so if DVP’s IRP does not address the planning for the Co-ops… what percent of Virginia’s electricity needs are met by the co-ops and how does that part get planned in an IRP sense?

    and to TBill’s thoughts – what is the relationship between the Coops and the CPP or maybe the better question – what is the relationship between the CPP and non-DVP generators of electricity in Virginia?

    • Larry, the distribution coops are not required to prepare and file an IRP with the SCC.

      Most of the coops have membership ownership in ODEC, which owns some and procures by contract and market purchase the rest of the generation necessary to meet the demand of the distribution cooperatives.

      The cooperatives will aslo be affected by whatever CPP finally emerges. But, they (through ODEC) own so little generation compared to DVP that their influence on the compliance program that DEQ develops will probably not carry the weight that DVP’s views will.

  11. Thank you all for great explanations of a very confusing set of subjects

    Re: “The 80 MW solar facility on the Eastern Shore was originally built by a 3rd party developer, with its output going into the PJM market and contracted for by Amazon.”
    The facility was originally set up as a direct sale to PJM because that was the way around the restrictions in the SCC regulations … third party ownership, net metering restrictions etc. Any comments about those issues?

    • Sure, the output from the plant will still be delivered to PJM. It will not be delivered directly to Amazon, but DVP will contract to take from PJM the equivalent amount of power from PJM and deliver the power at basically the PJM wholesale rate to Amazon, which can then declare that this is indeed the green solar power produced on the Eastern Shore.

      Restrictions on direct sales to retail customers are a function of Virginia law, not SCC regulations, by the way. It is interesting that in Amazon we have a customer nearly as powerful as its supplier; perhaps we shall see some loosening of these legal restrictions on direct purchase in the future.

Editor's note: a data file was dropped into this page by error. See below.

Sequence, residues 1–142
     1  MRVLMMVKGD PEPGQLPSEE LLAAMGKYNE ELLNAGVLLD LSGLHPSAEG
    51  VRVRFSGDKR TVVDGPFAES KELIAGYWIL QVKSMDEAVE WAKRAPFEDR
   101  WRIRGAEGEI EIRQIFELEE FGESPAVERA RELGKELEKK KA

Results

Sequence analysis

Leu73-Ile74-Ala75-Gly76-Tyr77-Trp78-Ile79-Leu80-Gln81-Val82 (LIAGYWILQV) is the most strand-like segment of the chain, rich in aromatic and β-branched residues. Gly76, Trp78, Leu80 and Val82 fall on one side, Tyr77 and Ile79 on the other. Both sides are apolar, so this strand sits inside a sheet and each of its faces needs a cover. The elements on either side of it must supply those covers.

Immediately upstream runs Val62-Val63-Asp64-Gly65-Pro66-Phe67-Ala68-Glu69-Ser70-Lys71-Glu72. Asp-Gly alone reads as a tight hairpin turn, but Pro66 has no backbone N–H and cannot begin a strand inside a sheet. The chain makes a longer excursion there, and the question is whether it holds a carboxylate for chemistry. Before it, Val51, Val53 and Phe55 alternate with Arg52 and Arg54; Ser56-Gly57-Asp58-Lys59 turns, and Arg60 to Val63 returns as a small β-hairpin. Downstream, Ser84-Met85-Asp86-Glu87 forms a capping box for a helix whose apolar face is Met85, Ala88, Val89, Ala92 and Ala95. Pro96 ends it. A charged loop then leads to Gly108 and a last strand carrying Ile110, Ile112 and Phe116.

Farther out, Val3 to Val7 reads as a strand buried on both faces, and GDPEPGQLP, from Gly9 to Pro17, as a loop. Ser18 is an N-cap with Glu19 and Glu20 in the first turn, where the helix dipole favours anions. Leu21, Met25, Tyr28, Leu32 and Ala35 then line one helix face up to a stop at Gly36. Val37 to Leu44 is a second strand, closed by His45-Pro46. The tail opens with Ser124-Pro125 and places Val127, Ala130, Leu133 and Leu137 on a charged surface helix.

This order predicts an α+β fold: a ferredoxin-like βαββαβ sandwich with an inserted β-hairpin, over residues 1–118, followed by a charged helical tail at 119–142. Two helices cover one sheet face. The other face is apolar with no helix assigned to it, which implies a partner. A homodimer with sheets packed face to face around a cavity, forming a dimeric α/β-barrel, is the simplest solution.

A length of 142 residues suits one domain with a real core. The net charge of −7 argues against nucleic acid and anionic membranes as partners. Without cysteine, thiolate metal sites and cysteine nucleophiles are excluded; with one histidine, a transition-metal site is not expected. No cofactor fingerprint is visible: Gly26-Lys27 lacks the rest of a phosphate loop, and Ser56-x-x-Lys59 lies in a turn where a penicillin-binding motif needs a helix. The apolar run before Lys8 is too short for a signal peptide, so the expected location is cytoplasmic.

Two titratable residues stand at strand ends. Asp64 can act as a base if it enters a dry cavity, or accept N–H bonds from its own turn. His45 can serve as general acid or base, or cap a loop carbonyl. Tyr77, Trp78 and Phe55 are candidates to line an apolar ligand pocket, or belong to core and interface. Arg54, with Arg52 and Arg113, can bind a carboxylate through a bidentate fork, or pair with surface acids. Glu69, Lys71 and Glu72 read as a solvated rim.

12. re: law and regulations – the question is – does such law and regulation provide reasonable opportunities for other generators and retail customers or is the playing field tilted to DVP?

    I note on my Rappahannock Electric Coop bill – that there are four components –

    distribution delivery
    electric supply service
    power cost adjustment
    Virginia + local Tax

    I wonder how that compares to DVP bill…

    I assume that for distribution – there are no choices – I’m paying for the use of the grid to deliver electricity

    on the second item – I have no choice either – apparently

    and on the third item – I have no clue the how and why of it

    I bet out of …say 100 people that maybe 1 or 2 really understand how that bill “works” … but perhaps some of these guys educating here – can explain better.

  13. My DVP bill is much the same:

    Distribution Service
    Electricity Supply Svc (ESS)

    The Distribution charges are for the wires and substations that Rappahannock has built and maintains to deliver the power to your meter. Its the little side of the “grid.” No competition for distribution. Your “electric supply service” is pretty much what my “ESS” is–the actual energy you consume and the big transmission wires (i.e., the big interstate grid) that deliver it from the generator to the substations for distribution. It is the generation component where competition in electricity is possible. Competitive factors are also at play in transmission in that PJM allows 3rd parties to bid against the franchised utility to construct transmission lines, thereby theoretically lowering the total cost of this component of our bills. But, you don’t get to choose a different transmission provider.

    Your “power cost adjustment” line item accounts for fluctuation in the charges that ODEC sends to Rappahannock for the power it generates or procures to serve you and your fellow members. My “fuel” pays the line item of the gas, coal and uranium that DVP purchases to generate its power. The coop does not mark up the PCA charge and DVP does not get a mark-up on fuel; these are straight pass through of the costs of these items to our respective electricity providers. Taxes are taxes, of course.

    While 3rd parties can build and operate generation, either conventional or renewable, in Virginia, their opportunities to directly sell power to individual customers is severely constricted–the laws are heavily tilted toward DVP and the other incumbent providers, including Rappahannock and the other coops. But, DVP is indeed the big dog and it eats first.

  14. thanks much…………………..

  15. interesting info from Energy Information Agency:

    American coal use for electricity dropped 29% in 2015, compared to peak usage in 2007